In any case, Mankiw’s paper is pretty interesting. The abstract:
Should the income tax system include a tax credit for short taxpayers and a tax surcharge for tall ones? This paper shows that the standard utilitarian framework for tax policy analysis answers this question in the affirmative. This result has two possible interpretations. One interpretation is that individual attributes correlated with wages, such as height, should be considered more widely for determining tax liabilities.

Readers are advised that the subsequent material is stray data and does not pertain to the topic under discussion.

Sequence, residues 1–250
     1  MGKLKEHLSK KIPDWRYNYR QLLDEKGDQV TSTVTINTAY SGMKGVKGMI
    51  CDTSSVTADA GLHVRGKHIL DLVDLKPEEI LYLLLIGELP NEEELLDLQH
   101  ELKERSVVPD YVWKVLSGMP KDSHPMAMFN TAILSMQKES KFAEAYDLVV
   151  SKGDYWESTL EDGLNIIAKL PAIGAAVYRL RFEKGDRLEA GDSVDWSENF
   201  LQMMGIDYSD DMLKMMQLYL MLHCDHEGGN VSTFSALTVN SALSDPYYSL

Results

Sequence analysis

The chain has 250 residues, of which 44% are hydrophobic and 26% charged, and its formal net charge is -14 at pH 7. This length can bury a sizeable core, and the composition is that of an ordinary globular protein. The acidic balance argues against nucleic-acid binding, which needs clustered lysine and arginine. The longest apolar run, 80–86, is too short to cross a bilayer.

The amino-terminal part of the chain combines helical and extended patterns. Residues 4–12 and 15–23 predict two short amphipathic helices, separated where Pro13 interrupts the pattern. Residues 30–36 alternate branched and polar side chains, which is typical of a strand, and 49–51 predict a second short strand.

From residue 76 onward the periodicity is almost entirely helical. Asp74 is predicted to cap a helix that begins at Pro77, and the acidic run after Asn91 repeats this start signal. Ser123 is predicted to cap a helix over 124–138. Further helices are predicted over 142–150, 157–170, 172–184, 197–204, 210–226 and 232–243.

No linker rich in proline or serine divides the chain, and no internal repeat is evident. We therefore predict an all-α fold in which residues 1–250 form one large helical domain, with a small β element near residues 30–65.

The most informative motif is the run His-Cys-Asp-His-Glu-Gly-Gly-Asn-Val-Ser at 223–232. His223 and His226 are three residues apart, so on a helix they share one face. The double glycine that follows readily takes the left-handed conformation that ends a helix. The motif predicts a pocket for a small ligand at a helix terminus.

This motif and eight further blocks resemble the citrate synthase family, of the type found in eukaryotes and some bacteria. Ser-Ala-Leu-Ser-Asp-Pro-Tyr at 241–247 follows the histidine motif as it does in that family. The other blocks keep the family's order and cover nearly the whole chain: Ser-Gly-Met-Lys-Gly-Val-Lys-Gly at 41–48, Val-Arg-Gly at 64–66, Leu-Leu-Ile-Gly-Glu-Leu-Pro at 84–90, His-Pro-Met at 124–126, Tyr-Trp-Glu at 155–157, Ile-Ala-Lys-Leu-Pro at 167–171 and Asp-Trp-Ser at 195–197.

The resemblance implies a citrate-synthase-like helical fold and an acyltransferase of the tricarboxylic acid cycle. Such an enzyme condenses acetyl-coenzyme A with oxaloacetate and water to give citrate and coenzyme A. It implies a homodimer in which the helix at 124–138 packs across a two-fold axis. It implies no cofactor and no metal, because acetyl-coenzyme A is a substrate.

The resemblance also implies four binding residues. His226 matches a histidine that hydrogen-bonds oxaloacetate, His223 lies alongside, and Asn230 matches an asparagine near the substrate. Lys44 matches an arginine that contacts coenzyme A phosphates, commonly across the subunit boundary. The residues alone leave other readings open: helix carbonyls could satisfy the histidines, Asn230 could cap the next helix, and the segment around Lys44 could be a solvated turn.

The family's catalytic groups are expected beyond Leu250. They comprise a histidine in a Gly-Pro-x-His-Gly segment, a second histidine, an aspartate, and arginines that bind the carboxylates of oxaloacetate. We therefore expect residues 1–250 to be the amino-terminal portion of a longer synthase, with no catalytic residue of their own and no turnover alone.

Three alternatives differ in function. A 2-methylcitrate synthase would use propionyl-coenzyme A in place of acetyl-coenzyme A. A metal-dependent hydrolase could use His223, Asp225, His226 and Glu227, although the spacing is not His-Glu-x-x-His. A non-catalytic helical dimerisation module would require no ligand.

Alternatively, if policies such as a tax on height are rejected, then the standard utilitarian framework must in some way fail to capture our intuitive notions of distributive justice.
In a way, the controversy over the Stern report can be seen in the same light. If you believe, due to some ideas of cross-generation distributional justice, that we should do something about global warming but you believe our standard values of the discount rate are correct (i.e. 2%), then there must be something wrong with the standard utility models.
I don’t think its good enough to say “yep, the models are wrong… ignore the economists.” You have to come up with an alternative framework. Without a good alternative model, there isn’t a common ground for discussion. In this way, a model is just a mode of thought that we can use to think through an issue.